Why It’s Better to Win and Lose Together

“Teamwork divides the tasks and multiplies the success” – Author Unknown

Super Bowl LIII though thought by many to be less than exciting was, in fact, a textbook demonstration of teamwork. The New England Patriots didn’t win an unprecedented sixth championship on talent alone.

The Patriots organization is powered by good players being led by top coaches backed by an outstanding front office. These three departments had to be on the same page while doing some serious problem solving early in the season to make it to the playoffs.

The players and coaches are held to a high standard of excellence. Bill Belichick developed this winning team with a strong work ethic and a sense of personal responsibility that makes the players unwilling to let each other down.

Dreams are accomplished together

Teams collectively bask in the glory of their wins and equally feel the pain of their losses. Teams demonstrate the benefits of doing business in community. If handled correctly, teams make winning a more celebratory experience and losing a valuable time for learning providing an opportunity to regroup and return even stronger.

Good teams generate more ideas, providing leaders with more options. Everyone brings a skillset and a unique perspective to the table adding value to each other. In the end, everyone contributes and learns from one another.

We are more effective together

Being more effective together is nothing new it’s how we learn. From grades 1 thru 12, we were sitting and learning in groups. Today many are learning in interactive online classes. My point is whether on teams or in groups, we are always more effective together because each of us adds something to the experience.

I never saw classroom settings as teamwork while I was in school yet, if we look around, we see learning in groups everywhere. From the classroom to the boardroom to the locker room we see groups pursuing a single objective together.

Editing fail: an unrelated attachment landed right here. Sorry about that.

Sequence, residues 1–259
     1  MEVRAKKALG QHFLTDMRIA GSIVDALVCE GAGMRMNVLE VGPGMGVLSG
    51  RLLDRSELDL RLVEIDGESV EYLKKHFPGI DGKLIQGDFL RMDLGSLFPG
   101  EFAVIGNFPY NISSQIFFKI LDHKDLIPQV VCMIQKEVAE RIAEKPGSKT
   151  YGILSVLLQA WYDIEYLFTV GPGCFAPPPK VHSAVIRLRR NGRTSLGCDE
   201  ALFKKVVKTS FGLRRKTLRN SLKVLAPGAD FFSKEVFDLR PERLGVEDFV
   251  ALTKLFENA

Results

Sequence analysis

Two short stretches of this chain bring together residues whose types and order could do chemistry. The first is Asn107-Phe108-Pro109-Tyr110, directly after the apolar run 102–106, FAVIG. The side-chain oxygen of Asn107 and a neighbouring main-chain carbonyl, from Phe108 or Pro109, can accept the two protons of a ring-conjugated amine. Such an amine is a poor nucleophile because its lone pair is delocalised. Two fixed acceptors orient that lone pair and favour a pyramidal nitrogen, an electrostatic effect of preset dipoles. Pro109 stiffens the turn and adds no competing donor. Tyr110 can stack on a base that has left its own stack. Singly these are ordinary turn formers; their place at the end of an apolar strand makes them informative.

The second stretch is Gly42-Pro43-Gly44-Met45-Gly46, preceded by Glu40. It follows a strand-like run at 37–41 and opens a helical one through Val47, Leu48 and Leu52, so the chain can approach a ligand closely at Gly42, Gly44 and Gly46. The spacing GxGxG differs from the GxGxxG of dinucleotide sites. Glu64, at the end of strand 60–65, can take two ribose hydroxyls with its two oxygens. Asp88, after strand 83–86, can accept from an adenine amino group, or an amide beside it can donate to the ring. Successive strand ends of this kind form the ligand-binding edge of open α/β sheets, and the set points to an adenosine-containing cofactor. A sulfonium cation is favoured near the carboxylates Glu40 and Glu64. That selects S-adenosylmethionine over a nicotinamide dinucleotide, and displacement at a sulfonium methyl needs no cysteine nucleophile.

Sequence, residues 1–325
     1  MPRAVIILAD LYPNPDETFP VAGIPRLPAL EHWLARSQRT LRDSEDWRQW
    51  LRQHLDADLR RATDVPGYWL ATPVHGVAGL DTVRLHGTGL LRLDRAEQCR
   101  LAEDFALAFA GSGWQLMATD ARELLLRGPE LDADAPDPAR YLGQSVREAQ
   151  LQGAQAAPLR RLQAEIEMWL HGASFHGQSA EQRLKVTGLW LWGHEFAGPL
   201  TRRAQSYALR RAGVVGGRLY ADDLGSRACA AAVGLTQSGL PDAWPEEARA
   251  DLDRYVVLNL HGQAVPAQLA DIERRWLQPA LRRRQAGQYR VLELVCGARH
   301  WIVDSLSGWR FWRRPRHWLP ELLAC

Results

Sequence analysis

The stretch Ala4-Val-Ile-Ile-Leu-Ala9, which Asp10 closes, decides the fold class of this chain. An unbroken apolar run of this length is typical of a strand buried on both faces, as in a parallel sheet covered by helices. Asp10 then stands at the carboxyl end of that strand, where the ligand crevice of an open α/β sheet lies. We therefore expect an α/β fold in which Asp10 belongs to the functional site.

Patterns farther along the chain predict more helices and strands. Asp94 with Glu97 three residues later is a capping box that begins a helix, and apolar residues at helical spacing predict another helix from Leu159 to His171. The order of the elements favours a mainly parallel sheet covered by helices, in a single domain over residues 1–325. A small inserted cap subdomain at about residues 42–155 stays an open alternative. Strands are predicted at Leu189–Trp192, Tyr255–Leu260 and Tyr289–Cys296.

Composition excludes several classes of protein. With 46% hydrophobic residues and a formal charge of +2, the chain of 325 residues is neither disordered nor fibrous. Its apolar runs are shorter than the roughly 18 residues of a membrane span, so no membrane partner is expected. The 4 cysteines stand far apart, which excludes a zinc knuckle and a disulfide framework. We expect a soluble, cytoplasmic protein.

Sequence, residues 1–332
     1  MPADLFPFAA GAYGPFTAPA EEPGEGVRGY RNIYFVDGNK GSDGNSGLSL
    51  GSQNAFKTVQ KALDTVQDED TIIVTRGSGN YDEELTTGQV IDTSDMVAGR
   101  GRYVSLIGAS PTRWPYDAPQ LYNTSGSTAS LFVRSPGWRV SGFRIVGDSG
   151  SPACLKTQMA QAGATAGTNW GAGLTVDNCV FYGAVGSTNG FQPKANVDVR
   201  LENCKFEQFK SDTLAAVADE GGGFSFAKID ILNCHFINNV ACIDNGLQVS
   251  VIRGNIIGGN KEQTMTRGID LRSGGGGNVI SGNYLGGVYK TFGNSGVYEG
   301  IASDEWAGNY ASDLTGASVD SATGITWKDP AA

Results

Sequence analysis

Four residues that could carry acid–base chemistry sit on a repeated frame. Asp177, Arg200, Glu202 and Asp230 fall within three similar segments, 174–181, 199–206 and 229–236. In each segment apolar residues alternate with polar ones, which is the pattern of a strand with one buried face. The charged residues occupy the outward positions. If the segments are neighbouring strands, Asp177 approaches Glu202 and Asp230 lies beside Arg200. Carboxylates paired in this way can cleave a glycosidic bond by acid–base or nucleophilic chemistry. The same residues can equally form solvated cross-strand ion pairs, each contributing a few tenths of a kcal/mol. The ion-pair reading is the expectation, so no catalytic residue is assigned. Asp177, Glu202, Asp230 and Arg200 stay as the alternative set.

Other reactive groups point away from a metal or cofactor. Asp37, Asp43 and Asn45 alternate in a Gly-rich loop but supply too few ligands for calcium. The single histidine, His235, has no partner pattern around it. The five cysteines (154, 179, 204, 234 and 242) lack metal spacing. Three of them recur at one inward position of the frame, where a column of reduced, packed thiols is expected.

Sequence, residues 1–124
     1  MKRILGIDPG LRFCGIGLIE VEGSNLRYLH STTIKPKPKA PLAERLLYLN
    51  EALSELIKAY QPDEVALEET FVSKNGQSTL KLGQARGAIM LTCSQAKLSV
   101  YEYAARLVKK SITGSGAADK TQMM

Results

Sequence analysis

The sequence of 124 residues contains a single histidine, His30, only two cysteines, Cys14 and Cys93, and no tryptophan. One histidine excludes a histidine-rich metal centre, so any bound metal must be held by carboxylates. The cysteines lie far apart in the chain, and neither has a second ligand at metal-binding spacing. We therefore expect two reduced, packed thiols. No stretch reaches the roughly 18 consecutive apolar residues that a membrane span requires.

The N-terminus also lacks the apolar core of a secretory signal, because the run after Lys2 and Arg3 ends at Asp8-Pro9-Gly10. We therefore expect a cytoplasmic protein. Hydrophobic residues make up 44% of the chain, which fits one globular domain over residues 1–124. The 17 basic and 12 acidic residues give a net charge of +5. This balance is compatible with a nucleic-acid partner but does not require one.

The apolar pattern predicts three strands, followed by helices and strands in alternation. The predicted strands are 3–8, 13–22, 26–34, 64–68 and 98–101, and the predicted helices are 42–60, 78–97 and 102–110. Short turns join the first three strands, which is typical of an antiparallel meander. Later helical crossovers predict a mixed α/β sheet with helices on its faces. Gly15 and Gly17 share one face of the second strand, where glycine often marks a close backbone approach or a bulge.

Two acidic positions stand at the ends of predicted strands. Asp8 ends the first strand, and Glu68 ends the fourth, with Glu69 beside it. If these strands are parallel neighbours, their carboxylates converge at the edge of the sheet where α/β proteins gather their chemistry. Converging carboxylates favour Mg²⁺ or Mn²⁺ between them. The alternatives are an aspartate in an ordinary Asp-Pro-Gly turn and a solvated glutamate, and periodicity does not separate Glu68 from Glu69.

We learn more together

Since the beginning of time, people have known that living, learning and working together is always more effective. In recent years there has been more interest in the “Social Learning Theory” by Albert Bandura. 

His theory states that we learn better when observing other people and begin doing things the way they do them. This behavior is played out repeatedly in groups. We admire certain skills or traits in others and make them our role model in that area. All this is taking place in a community environment.

We play as one together

Teamwork creates a relational atmosphere forming a special bond among the members. The relationships become motivating and empowering forming a loyalty that doesn’t develop in any other environment.

Although this bond inspires each member to work harder, the group collectively is working smarter. The mutual trust and support derived from working together will enable each member to communicate and connect with the others on a deeper level. The team’s synergistic power comes from its reliance on each member’s performance, they do not want to let each other down.

Amy C. Edmondson says, “musicians form bands, chamber groups, and orchestras that rely on interdependent talents. A symphony falls apart unless the string section coordinates with the woodwinds, brass, and percussionists. Even when a soloist is featured on stage, the orchestral score has a part for every musician.

A successful performance is one in which the musicians complement one another and play in harmony. Like all good teams, they display synergy. The whole is greater than the sum of its parts. The players understand that they succeed or fail together—they win or lose as a team.” (1)

“Individual commitment to a group effort–that is what makes a team work, a company work, a society work, a civilization work.” – Vince Lombardi

 

(1) Teaming by Amy C. Edmondson 

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